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The Pamphlet Collection of Sir Robert Stout: Volume 79

What About the Churches?

What About the Churches?

In the midst of all this turmoil, unrest and anarchy, what about the Churches? I don't propose to dwell at any length on questions of theological controversy, although there, as elsewhere, there has been a considerable amount of unrest and confusion. Amongst students of unrest and confusion. Amongst students of theology the stage of doubt and citicism had been reached some time previous to my last address. The results of that disquieting process have been gradually filtering through the minds of the mass of the people during recent years, being brought into the consciousness of the common people largely through the utterances of Mr. R. J. Campbell, of the City Temple, London. In this domain, however, I am of opinion that the constructive stage has been more definitely reached than it has in the domain of sociology or politics, national or international. In many respects the Churches seem to be drifting out of touch with the great mass of mankind, and are in danger of becoming a negligible factor in the life of the world.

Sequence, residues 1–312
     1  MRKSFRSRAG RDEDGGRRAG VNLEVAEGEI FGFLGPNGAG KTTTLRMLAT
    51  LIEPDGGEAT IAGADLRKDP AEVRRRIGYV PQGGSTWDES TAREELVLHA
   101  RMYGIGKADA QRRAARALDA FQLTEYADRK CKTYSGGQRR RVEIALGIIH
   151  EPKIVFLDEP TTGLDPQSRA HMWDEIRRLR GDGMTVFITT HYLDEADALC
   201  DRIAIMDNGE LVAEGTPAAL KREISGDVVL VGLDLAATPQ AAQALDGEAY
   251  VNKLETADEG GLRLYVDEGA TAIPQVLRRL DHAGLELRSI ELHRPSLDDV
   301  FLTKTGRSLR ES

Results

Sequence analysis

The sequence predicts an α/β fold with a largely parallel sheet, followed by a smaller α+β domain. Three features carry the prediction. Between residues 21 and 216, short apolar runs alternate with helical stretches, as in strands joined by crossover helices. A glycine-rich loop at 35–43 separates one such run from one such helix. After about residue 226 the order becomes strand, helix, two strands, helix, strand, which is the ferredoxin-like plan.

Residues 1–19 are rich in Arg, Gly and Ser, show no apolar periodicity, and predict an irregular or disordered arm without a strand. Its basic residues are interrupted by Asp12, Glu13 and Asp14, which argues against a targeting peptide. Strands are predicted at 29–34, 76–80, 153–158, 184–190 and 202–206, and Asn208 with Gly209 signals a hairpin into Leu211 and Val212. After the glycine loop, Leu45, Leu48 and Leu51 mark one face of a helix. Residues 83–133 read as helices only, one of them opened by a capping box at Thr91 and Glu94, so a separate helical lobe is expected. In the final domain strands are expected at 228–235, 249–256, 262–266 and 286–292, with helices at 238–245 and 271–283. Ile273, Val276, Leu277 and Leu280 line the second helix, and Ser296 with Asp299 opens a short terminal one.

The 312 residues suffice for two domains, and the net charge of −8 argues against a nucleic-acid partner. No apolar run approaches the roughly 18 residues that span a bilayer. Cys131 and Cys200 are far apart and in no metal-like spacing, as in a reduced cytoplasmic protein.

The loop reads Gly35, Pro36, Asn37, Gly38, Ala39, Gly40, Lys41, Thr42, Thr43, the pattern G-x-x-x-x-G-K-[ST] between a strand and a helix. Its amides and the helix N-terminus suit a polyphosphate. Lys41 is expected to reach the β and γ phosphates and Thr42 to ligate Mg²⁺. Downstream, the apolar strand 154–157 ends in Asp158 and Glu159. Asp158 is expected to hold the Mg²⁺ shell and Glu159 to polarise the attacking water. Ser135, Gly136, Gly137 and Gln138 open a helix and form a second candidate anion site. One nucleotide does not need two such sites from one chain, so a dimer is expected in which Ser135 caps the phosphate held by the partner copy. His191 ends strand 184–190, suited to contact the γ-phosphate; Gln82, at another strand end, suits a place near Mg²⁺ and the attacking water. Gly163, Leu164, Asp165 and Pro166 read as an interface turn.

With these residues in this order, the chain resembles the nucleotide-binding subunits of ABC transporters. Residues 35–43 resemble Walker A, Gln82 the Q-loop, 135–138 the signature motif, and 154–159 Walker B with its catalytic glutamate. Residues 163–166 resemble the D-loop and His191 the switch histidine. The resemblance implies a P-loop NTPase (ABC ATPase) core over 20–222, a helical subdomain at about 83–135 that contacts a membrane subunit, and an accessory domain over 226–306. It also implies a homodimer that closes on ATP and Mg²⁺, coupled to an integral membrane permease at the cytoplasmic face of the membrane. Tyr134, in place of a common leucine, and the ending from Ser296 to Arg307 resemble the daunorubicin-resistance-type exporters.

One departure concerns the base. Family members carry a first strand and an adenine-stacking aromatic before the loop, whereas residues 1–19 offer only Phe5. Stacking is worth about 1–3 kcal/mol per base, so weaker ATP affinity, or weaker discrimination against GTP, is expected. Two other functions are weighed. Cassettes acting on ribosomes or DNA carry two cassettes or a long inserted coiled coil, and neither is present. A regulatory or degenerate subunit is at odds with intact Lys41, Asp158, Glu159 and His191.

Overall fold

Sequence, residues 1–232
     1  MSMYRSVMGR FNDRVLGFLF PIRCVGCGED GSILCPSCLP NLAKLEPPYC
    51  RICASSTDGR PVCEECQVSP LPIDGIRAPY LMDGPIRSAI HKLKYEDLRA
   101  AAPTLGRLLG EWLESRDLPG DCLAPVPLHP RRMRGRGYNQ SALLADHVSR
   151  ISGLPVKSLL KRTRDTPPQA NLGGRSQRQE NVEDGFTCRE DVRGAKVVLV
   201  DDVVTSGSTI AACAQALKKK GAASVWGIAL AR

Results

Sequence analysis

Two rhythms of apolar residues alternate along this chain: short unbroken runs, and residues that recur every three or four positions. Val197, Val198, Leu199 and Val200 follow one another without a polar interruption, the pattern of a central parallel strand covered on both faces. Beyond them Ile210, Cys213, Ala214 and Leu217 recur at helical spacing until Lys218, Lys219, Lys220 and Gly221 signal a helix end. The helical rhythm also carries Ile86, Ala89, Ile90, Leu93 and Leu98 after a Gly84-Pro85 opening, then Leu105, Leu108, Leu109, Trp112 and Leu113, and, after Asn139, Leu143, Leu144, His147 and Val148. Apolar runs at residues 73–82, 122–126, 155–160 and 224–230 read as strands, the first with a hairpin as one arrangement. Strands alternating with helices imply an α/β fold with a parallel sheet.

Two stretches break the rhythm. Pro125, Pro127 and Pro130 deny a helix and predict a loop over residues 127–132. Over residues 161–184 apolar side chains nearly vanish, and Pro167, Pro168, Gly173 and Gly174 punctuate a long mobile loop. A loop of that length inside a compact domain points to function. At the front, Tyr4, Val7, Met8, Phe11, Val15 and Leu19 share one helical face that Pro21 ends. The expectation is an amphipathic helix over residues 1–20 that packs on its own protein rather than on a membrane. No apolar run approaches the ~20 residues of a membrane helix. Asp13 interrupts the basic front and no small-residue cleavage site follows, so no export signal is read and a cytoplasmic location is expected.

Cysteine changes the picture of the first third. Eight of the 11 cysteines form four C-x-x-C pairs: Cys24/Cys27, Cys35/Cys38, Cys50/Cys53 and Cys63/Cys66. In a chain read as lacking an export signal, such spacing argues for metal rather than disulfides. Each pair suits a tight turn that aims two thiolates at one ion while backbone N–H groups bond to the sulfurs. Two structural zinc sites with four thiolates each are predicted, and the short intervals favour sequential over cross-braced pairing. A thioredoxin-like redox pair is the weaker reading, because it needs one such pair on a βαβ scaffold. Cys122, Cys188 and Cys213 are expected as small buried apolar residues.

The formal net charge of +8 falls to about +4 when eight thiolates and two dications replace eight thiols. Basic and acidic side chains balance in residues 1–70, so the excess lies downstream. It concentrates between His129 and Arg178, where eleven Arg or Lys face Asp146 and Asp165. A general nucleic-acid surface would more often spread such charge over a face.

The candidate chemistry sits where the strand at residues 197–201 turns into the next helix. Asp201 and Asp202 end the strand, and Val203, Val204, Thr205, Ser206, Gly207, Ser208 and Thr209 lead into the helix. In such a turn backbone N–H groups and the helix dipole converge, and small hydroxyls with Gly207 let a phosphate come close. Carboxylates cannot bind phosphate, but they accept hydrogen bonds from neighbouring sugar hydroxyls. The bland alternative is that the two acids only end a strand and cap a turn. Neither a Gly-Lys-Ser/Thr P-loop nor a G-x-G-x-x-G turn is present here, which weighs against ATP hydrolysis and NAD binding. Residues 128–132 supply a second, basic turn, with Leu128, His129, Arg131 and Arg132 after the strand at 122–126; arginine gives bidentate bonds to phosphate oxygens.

One very disheartening feature of the world-wide labour movement at the present time is its anti-Christian spirit, and the antagonism which many of its leaders are developing towards organised Christianity. It is quite true that many of the best and wisest labour leaders, both in Great Britain and New Zealand, are men deeply imbued with the spirit of Christianity, many of them active workers in Churches and Sunday Schools. Indeed, it is true that many of them have received their equipment for platform work by their training and experience as lay preachers. At the same time, I think ft must be admitted that a very large proportion of the men who to-day are getting the ear of the workers are not only anti-Church, but anti-Christian. Whether rightly or wrongly, the impression seems to be gaining ground amongst the workers of the world that the organised Christian Church, if not actively hostile to the aims and ideals of labour, is, to say the least of it, apathetic. This ought not to be. The spirit of Christianity is the only solvent of industrial, social, or economic problems. Of course the Christian Church can have no association with, or tolerance for, a propaganda which unblushingly boasts that the question of "right" or "wrong" has no meaning, or which inculcates such pernicious doctrines as "sabotage" or "barn burning." But the perversity of false labour leaders is no excuse for indolence or indifference on the part of Christian ministers or laymen.